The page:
The 2000 election marked a further step in making the act of voting something done in isolation. This spring in the primaries voting on the Internet was introduced, but more significantly voting by mail has been introduced in two states, Oregon and Washington. In Oregon, one can vote only by mail since there are no polling places any more. Washington still has polling places for those who don’t want to drop the ballots in a mail box, but given the cost of election judges, voting machines, etc., you can expect that polling places will begin to vanish all over the country as the mail ballot becomes the ordinary means by which the vox populi gets itself voiced. As this happens, what was once uproariously public, communal and furiously tribal will now have been entirely changed into the particular, the individual, the secret and the personal.

As the years have passed and this change has worked its way into elective systems, all the secondary characteristics of jubilant, out-in-the-open electioneering have shriveled up and gone away. Campaign songs, campaign slogans, displays, barbecues, ox roasts, clambakes, uniformed marching bands-all vanished and gone, and with them the great mass meetings, the parades and processions for party and candidate. No more will there be a Hot Time in the Old Town Tonight, Teddy.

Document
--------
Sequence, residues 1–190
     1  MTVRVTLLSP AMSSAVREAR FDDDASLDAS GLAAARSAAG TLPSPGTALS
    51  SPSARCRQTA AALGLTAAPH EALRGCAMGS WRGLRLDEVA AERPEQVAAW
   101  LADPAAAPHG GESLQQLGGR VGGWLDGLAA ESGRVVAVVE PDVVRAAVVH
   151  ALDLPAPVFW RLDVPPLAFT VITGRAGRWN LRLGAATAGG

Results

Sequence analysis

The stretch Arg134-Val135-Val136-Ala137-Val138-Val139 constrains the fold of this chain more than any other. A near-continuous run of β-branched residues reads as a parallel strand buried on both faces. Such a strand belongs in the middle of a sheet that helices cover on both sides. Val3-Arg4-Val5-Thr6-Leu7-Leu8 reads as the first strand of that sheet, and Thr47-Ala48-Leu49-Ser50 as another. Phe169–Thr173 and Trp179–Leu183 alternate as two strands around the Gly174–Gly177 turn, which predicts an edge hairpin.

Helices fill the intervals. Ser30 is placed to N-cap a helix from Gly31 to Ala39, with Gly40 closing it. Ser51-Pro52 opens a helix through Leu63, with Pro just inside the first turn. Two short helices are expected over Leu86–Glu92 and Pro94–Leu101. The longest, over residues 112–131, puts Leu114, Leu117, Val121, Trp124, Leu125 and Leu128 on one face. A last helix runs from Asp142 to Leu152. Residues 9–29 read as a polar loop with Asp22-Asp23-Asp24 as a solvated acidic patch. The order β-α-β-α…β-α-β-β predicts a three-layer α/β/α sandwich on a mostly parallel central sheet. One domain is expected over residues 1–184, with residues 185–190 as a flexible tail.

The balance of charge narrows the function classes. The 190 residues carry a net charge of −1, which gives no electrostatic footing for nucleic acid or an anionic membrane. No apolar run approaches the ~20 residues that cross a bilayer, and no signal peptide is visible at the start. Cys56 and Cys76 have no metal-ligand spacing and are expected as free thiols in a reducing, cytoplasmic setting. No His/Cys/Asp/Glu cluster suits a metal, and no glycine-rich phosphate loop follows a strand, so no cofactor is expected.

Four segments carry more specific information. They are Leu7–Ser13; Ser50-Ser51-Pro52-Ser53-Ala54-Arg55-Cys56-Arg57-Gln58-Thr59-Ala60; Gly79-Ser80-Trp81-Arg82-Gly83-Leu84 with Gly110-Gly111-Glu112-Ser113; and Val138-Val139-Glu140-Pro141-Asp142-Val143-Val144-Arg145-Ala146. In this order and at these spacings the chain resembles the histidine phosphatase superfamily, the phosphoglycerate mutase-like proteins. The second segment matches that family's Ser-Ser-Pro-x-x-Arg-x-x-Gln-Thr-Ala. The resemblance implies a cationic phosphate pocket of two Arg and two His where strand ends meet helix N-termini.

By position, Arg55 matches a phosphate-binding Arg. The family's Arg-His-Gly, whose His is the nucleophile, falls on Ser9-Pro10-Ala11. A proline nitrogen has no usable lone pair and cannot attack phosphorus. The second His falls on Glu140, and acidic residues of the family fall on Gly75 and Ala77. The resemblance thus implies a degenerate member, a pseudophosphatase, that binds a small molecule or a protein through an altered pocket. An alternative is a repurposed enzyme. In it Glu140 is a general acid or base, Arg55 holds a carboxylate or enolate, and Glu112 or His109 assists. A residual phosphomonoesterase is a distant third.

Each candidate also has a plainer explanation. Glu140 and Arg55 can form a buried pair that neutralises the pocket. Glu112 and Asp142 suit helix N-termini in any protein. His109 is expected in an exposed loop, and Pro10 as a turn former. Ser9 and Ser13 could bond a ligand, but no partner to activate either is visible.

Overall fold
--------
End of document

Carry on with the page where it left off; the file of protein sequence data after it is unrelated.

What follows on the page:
These changes have not made it easy for a candidate to find an audience. If we see them on those lowbrow afternoon talk shows and the no-brow late-night comedy hours making mild asses of themselves, it’s because the choice is between being seen on Oprah or not being seen at all. If it weren’t for the high schools and colleges whose civics and political-science teachers can pressure students to turn up for candidate appearances at airport tarmacs and gyms, these politicians might go through a whole campaign without speaking face to face with a citizen.